War is not about guns or bombs, war is about people. It is about people who cannot, or are unwilling to resolve their differences through discussion or other non-violent means. It is not about fancy weapons, neat space ships, or unstoppable killing machines. War is about people. If you are writing about anything other than people, you are writing a pretend technical manual. Don’t make that mistake.
On November 20, 1945, Lt. General George Patton stood in front of a board of 40 senior commanders to discuss the performance of US infantry divisions in Europe.
Patton made the following observation in WW2. The infantry component of the division, which is 65.9% of the total personnel, inflicts on the enemy by means of small arms, automatic weapons, mortars and hand grenades approximately 37% of the casualties. To inflict 37% of the casualties, the infantry sustains 92% of the total casualties of the division. The artillery, which comprises 15% of the division, inflicts 47% of the total casualties on the enemy for which it suffers but 2% casualties from the enemy.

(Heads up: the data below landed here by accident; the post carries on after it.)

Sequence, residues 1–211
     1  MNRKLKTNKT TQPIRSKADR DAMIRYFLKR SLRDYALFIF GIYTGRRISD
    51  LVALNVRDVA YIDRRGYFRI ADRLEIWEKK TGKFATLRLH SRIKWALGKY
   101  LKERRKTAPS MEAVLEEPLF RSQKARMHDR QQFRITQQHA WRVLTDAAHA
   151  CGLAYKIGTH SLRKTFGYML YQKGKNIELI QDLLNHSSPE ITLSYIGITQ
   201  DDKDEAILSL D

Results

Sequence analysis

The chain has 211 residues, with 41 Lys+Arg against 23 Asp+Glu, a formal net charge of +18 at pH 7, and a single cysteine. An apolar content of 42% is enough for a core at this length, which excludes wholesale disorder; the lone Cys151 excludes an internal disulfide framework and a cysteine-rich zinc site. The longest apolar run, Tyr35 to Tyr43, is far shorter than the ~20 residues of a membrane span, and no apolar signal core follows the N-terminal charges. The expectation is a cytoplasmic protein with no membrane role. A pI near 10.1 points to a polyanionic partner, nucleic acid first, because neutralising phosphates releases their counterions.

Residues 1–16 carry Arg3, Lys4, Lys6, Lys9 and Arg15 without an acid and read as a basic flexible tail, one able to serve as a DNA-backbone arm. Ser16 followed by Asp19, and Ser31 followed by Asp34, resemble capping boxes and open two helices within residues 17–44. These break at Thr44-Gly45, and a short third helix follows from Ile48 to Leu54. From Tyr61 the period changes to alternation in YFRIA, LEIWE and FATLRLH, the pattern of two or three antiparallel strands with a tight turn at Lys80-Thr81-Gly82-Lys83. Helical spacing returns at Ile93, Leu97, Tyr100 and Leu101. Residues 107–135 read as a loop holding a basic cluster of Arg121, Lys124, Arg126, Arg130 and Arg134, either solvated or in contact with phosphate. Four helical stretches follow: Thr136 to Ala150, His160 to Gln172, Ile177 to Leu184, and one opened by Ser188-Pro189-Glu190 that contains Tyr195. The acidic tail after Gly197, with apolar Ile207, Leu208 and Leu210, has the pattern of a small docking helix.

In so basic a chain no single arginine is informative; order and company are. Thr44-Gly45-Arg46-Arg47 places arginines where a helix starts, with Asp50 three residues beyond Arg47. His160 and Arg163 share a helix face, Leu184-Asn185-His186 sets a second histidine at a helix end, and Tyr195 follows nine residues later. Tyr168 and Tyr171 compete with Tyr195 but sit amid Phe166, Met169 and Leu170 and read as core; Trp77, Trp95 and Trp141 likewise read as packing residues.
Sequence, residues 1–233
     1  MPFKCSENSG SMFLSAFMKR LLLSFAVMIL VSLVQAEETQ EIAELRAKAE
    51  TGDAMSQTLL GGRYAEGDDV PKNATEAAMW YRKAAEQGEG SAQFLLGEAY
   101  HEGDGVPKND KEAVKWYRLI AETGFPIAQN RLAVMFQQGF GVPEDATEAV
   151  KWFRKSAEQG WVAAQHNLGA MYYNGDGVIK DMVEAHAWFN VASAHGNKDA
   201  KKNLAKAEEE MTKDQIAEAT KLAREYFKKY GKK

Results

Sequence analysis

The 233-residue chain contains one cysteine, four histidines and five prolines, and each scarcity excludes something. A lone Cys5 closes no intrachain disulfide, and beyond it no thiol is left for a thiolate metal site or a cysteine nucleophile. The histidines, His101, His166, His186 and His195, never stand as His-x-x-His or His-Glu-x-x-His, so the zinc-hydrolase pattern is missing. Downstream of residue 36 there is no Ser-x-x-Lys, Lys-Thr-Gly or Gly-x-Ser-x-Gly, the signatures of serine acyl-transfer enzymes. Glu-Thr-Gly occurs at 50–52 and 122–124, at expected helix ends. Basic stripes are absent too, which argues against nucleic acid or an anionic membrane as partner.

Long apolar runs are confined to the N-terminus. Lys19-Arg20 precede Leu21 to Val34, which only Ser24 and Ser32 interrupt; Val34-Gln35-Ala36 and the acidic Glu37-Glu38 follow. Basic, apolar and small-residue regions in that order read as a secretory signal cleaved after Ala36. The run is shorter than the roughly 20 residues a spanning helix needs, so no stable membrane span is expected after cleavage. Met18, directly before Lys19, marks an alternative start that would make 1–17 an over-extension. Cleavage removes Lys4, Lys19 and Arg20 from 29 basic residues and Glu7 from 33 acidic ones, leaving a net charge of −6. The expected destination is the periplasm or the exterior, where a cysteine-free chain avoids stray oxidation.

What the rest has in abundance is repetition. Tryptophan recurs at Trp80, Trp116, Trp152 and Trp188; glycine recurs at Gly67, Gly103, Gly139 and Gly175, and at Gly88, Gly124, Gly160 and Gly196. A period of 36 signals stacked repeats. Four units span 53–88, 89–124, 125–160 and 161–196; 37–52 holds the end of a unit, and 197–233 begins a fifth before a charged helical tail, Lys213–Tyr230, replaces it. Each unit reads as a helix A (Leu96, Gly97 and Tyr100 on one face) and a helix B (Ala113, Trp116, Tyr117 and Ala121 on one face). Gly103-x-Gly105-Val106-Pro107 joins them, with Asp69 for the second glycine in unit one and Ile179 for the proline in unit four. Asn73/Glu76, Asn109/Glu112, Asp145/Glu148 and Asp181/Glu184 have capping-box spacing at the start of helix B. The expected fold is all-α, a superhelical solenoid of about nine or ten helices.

It was also noted that during some time periods infantry regiments have suffered 100% casualty rates. This is bad, but doesn’t show all the factors, such as how well and how quickly replacement troops became casualties.
In Fallujah it was a 15:1 kill ratio in favor of US forces. Some books have higher numbers and so many things can impact the ratios.
Regardless of the math used, infantry combat tends to be tough and bloody, but also very necessary. A nation cannot declare a real victory until there are boots on the ground making sure the enemy is really gone.
The primary goal of this book is to get the creative juices flowing. To give you ideas and to help you from making common mistakes.
This is not a linear book, it is a resource book. While you could start at page one and read to the end, the strength of the book is that you can find what interests you and skip the other stuff. This book contains lists, explanations and essays to help people better understand the military, military concepts and thus write better military Science Fiction. I’ve tried to make the table of contents as informative and as useful as possible and include links for more in-depth information.